The IDLffJPEG2000::SetData procedure method writes data to the IDLffJPEG2000 object.


Obj->[IDLffJPEG2000::]SetData, P1, ..., Pn [, COMPONENT=value] [, /ORDER] [, TILE_INDEX=value]


P1, ... , Pn

Arguments may be one or more arrays containing the image components or tile components to be written to the JPEG2000 object. The arrays may have either two or three dimensions. Two-dimensional arrays contain one image or tile component with the dimensions of width and height. Three-dimensional arrays are dimensioned [nComponents, width, height]. All parameters must have the same width and height.

The array parameters are converted to byte data type if the bit-depth for the corresponding component is less than or equal to 8; to signed or unsigned integer, depending on the signed setting, for bit-depths from 9 - 16; and to signed or unsigned long integers, depending on the signed setting for bit-depths over 16.

Note: The bit depths used for output are determined from the BIT_DEPTH property, and not from the data type of the input arguments. If you are writing out short or long integer data, you should set the BIT_DEPTH property before calling SetData.

Note: The SIGNED property determines whether the data are written out using signed or unsigned integers, and is not affected by the data type of the input arguments. If you are writing out signed integer data, you may wish to set the SIGNED property before calling SetData.

Image Dimensions, Tile Dimensions, and Component Number

Images may be written using multiple calls to SetData with each call transferring one or more tile components. A tile component contains one image component for a given tile and is the smallest unit of data that can be supplied to SetData. The dimensions of the entire image and tiles, plus the number of components are determined the first time they are specified to Init or SetProperty, and may not be changed once established. If the dimensions or number of components are not specified explicitly they are inferred from the image parameters supplied in the first call to SetData.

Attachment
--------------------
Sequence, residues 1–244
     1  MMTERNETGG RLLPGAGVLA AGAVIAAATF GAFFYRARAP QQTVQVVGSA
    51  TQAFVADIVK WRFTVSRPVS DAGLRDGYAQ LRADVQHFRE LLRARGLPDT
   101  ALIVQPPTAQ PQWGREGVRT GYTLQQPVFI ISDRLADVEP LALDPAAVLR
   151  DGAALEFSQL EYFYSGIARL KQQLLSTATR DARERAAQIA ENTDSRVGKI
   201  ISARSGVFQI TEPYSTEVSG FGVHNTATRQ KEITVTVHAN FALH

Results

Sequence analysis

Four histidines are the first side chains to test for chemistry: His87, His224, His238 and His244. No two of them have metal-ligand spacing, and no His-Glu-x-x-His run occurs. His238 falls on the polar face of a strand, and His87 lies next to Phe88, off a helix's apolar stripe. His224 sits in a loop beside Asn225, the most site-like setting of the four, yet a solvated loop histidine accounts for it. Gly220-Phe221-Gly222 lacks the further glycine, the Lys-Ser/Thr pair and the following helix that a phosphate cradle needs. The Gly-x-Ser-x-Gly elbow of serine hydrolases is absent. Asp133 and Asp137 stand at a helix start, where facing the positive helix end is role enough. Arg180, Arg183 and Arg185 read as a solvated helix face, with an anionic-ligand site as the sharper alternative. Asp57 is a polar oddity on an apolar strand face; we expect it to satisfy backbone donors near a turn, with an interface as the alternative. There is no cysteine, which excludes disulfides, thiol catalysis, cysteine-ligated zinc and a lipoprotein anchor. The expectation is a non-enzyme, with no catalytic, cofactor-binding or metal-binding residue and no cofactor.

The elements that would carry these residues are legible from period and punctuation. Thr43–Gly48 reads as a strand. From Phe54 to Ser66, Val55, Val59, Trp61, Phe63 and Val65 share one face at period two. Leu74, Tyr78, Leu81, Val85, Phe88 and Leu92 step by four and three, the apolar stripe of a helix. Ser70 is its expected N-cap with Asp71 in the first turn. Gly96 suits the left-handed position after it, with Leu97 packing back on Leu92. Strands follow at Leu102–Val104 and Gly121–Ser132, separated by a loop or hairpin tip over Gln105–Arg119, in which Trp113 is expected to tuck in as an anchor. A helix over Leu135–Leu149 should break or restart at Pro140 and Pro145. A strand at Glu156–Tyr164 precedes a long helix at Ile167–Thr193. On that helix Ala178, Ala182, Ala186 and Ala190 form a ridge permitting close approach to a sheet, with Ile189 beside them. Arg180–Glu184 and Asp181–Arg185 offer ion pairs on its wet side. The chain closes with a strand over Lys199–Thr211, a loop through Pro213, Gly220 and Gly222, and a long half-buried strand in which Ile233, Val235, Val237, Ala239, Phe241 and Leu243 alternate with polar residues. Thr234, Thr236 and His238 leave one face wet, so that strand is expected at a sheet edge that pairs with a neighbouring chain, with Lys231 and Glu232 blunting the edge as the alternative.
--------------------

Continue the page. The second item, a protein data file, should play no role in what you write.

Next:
If transferring an image with multiple calls to SetData, try to supply the data to SetData in a manner consistent with the progression setting of PROGRESSION to ensure optimum performance and minimize memory requirements.

Note: If you do not complete writing all of the tiles or components, or your array dimensions are not the same as the overall image dimensions, then the library will be unable to complete the code stream. In this case, reading the data back in may result in unexpected or incorrect values.

Note: If the YCC property is set (indicating that you want the library to convert from RGB to YCC before compressing the data), then you must supply all three image components in the same call to SetData (either the entire image or one tile at a time). If the components are provided in separate calls to SetData, the YCC conversion is not performed.



Set this keyword to be the index of the first component to be written by this call to SetData. Default is 0.


JPEG2000 images are assumed to be stored in top-to-bottom order, while IDL usually assumes images are in bottom-to-top order. By default (ORDER = 0), SetData will automatically flip the input arrays to match JPEG2000's top-to-bottom order. Setting ORDER to a nonzero value will save the image directly to the JPEG2000 file without doing the vertical flip.


Set this keyword to specify the index of the first tile to be written. JPEG2000 tiles are numbered in raster scan fashion, starting from 0. The default value for this keyword is 0. The tile indices must range from 0 to one less than the number of tiles in the image file, which is determined by the tile dimensions and image dimensions.


Write a one-component image:

;Open file to write
jp2 = OBJ_NEW('IDLffJPEG2000', 'test.jp2', /WRITE)
;Write the image
jp2->SetData, BYTSCL(DIST(400,300))

Read a one-component image:

;Open file to read
jp2_in = OBJ_NEW('IDLffJPEG2000', 'test.jp2')
img = jp2_in->GetData() ; Read the file.

Write an indexed-color image with a palette:

;Load IDL color table #5, this example assumes we have 256 colors.
;Read color tables
TVLCT, /GET, Red, Green, Blue
;Open file to write
jp2 = OBJ_NEW('IDLffJPEG2000', 'test.jp2', /WRITE, /JP2, $
   PALETTE=[[Red], [Green], [Blue]])
;Write the image with the palette
jp2->SetData, BYTSCL(DIST(400,300))

Read the above image and palette:

;Open file to read
jp2_in = OBJ_NEW('IDLffJPEG2000', 'test.jp2')
jp2_in->GetProperty, PALETTE=palette
;Read without RGB keyword. img is a 400 by 300 byte image.
img = jp2_in->GetData()
;With the RGB keyword, the image is now [3, 400, 300]
img3d = jp2_in->GetData(/RGB)

Show the images:

TVLCT, palette[*, 0], palette [*, 1], palette[*, 2]
TV, img
TV, img3d, TRUE=1

Write a 100 component file, one component at a time:

j2k = OBJ_NEW('IDLffJPEG2000', 'test.j2k', /WRITE,    N_COMPONENTS=100)
FOR i = 0, 99 DO j2k_in->SetData, $
   replicate(byte(i), 200, 300), COMPONENT = i

Read the above file:

j2k_in = obj_new('IDLffJPEG2000', 'test.j2k')
;b is a [200, 300] array
b = j2k_in->GetData(COMPONENT=30)
;b is a [5, 200, 300] array
b = j2k_in->GetData(COMPONENT=50, N_COMPONENT = 5)

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